By: Sid Salter
The death of Mrs. Opal Wilkes Austin on Saturday at age 99 was not unexpected and represented for her and those who loved her somewhat of a relief.
“Miss Opal” lived a big life. Her circle in life was wide, encompassing, and inclusive. As a small-town physician’s wife and nurse, she brought to her life and work a great deal of compassion and generosity of spirit.
From her home literally in the middle of Forest, Mississippi, “Miss Opal” operated a one-woman Welcome Wagon for newcomers, visitors, revival preachers, and anyone who she deemed worthy of a home-cooked meal and her conversation. She possessed an innate curiosity and the ability to converse with anyone at length.
She and her husband, whom she called “Dr. Bill,” were exceptionally well-matched. They loved each other. The doctor was decidedly a man of very few words and “Miss Opal” was a lady who loved a good and lengthy talk. As they aged, he would make vain, half-hearted attempts to “shush” her and then absently shake his head.
Jesse William “Bill” Austin Sr. earned his undergraduate degree from Mississippi State College in 1938 and would go on to earn his medical degree from Tulane Medical School in 1942, shortly before entering the U.S. Army for service in World War II. He was a battalion surgeon in the U.S. 3rd Army in the European Theater, where he served in five major battles from the Normandy invasion until VE-Day–including harrowing combat service during the Battle of the Bulge.
Austin earned the Silver Star, two Bronze Stars and the Purple Heart. After his distinguished military service, he returned to Forest to practice medicine with his father, Dr. R.B. Austin. During his long 39-year medical practice in Scott County, Austin delivered over 3,500 babies and most of them were born outside of a hospital setting.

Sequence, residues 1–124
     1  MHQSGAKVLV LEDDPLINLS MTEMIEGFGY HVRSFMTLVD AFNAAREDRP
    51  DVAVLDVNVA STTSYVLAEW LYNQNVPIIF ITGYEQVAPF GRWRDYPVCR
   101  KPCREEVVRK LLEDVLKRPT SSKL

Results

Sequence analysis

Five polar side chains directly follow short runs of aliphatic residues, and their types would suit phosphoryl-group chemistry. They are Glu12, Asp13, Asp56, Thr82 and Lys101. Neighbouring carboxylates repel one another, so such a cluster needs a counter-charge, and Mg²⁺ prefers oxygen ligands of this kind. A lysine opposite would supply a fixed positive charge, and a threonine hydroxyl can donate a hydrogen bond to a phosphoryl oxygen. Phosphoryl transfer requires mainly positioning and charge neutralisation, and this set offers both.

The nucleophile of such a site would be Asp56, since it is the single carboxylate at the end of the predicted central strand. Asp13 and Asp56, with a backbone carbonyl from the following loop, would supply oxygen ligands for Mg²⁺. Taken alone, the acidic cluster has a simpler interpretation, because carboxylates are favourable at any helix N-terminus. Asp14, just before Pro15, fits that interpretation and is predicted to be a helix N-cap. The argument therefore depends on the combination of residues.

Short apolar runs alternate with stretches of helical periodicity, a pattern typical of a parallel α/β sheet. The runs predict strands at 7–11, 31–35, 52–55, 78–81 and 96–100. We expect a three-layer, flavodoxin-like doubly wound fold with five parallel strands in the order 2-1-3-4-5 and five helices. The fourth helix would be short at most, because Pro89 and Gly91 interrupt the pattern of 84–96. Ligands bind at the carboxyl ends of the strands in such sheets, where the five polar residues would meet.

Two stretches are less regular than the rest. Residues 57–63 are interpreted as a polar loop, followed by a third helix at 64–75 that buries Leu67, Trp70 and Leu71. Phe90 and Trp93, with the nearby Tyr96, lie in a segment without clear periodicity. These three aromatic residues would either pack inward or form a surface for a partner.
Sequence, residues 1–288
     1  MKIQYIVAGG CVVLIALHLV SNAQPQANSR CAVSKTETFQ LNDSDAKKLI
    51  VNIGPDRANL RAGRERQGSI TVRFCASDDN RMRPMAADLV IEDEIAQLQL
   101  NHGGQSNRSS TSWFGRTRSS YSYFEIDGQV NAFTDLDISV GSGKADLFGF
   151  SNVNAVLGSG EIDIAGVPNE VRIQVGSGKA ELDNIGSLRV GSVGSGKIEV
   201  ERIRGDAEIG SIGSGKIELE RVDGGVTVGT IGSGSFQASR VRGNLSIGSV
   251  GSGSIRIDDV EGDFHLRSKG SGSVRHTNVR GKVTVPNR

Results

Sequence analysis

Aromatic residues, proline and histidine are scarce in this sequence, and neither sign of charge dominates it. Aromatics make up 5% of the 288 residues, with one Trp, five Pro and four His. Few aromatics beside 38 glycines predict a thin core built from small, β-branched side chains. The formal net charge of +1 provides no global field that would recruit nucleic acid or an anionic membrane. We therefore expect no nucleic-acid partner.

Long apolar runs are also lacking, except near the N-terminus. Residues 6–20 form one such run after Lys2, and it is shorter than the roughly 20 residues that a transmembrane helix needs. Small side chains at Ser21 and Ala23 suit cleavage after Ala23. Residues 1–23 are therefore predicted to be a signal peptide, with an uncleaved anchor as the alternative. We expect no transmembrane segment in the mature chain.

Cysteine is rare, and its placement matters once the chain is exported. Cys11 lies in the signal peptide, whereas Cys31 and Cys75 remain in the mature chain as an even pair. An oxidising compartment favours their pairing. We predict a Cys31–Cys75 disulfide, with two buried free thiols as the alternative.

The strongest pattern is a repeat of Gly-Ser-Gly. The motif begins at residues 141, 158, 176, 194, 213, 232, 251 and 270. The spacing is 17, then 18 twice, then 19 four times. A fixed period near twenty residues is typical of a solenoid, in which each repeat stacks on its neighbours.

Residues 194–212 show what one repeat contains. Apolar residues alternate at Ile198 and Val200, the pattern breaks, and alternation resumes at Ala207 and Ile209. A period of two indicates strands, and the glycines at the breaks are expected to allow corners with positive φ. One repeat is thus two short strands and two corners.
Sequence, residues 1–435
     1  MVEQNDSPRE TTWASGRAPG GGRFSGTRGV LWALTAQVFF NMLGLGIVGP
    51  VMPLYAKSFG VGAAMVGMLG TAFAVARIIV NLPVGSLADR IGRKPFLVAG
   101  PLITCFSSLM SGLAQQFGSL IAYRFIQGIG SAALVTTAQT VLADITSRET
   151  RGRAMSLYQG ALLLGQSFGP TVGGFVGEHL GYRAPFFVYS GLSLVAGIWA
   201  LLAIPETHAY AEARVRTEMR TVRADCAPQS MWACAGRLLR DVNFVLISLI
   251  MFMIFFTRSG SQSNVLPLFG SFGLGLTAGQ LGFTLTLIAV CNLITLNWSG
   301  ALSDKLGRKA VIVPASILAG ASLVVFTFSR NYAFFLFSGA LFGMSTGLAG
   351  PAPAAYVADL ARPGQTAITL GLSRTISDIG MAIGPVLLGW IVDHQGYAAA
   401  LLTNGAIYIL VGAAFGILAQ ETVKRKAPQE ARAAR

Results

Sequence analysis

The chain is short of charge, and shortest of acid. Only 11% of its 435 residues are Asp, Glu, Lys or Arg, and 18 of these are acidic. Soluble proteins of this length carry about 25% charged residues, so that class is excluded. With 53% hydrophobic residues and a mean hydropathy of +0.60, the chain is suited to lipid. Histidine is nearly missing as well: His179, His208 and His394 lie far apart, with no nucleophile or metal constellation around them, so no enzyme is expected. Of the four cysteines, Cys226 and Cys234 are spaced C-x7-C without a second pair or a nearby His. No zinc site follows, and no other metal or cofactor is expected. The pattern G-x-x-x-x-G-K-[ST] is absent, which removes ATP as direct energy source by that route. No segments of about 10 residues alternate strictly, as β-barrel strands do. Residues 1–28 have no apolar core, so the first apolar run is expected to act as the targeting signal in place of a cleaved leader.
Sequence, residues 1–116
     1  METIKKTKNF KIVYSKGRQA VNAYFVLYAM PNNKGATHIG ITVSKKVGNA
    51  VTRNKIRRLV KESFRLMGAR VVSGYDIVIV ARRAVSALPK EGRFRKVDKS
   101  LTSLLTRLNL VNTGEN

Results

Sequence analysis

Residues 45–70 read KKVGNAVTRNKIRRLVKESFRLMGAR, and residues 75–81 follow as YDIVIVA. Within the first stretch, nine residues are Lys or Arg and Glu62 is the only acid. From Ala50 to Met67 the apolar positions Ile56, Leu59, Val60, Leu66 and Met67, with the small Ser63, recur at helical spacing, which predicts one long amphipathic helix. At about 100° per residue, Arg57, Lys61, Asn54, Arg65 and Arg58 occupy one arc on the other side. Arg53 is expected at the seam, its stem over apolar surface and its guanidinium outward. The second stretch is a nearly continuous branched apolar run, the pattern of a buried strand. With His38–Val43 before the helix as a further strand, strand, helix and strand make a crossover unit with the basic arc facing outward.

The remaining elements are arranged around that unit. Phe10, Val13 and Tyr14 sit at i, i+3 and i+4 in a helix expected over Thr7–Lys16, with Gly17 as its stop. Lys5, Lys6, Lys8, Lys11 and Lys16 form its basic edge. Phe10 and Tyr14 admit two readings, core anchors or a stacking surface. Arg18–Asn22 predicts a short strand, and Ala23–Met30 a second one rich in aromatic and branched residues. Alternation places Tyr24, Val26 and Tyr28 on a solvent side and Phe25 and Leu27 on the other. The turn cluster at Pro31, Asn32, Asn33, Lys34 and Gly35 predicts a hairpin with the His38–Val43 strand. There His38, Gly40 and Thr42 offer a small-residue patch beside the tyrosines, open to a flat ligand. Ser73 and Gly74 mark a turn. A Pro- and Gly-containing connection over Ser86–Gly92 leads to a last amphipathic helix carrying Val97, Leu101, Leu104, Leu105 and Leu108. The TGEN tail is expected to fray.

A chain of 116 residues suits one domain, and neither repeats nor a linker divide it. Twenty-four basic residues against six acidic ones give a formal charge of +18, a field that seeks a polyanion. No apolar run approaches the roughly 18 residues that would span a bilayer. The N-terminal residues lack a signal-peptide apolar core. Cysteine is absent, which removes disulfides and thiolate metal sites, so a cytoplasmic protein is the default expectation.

“Miss Opal” was his registered nurse for many of those simple rural births and all the other small-town, middle of the night missions of medical mercy back when doctors made house calls or patients literally showed up on their doorstep pounding on the door for help.
“Dr. Bill” died on Feb. 12, 2001, at the age of 84. The Austins had five children, daughters Sue Thigpen and Judy Webb and sons Dr. Jesse William “Ace” Austin Jr., Richard Austin, and Terry Austin. There are 14 grandchildren and 17 great-grandchildren.
After Dr. Austin’s death, “Miss Opal” moved to Starkville in 2002 to be nearer family. As she had in Forest, she became an integral part of her new community and church. As long as she was physically able, she continued to cook and entertain at her kitchen table. Starkville residents knew her as “Mama O” and she was loved and admired here as she had been in Forest.
But inevitably with advancing age, “Miss Opal” began to face challenges and heartaches. First came the death of son Richard and years later the death of daughter Sue. She endured macular degeneration, which limited her ability to see well enough to cook. In increments, her memories began to fade. Her life became smaller and quieter.
Joys still found her. In May 2018, grandson Jesse William Austin III became the third generation of the Austin line to graduate from Mississippi State University–80 years after his grandfather and 50 years after his father. He continued the Austin family tradition of service to mankind as a student in the University of Mississippi Medical Center School of Dentistry.
Some 40 years ago, “Miss Opal” invited me to her Forest home for a wonderful meal and fellowship that made a new town feel like home. Her friendship was steadfast and true. Through good times and bad, she was always there.
I choose not to grieve over her death, for I began to grieve the moment her big and loud life began to get small and quiet. I rejoice that she is finally reunited with Dr. Bill (shushes and all) and her other loved ones there – and know she impatiently awaits the arrival of the rest of us.
“Mama O” told writer Emily Jones in 2011 the creed that sustained her for almost a century: “I don’t dwell on yesterday, or tomorrow for that matter. I just wake up every morning expecting something good to happen.”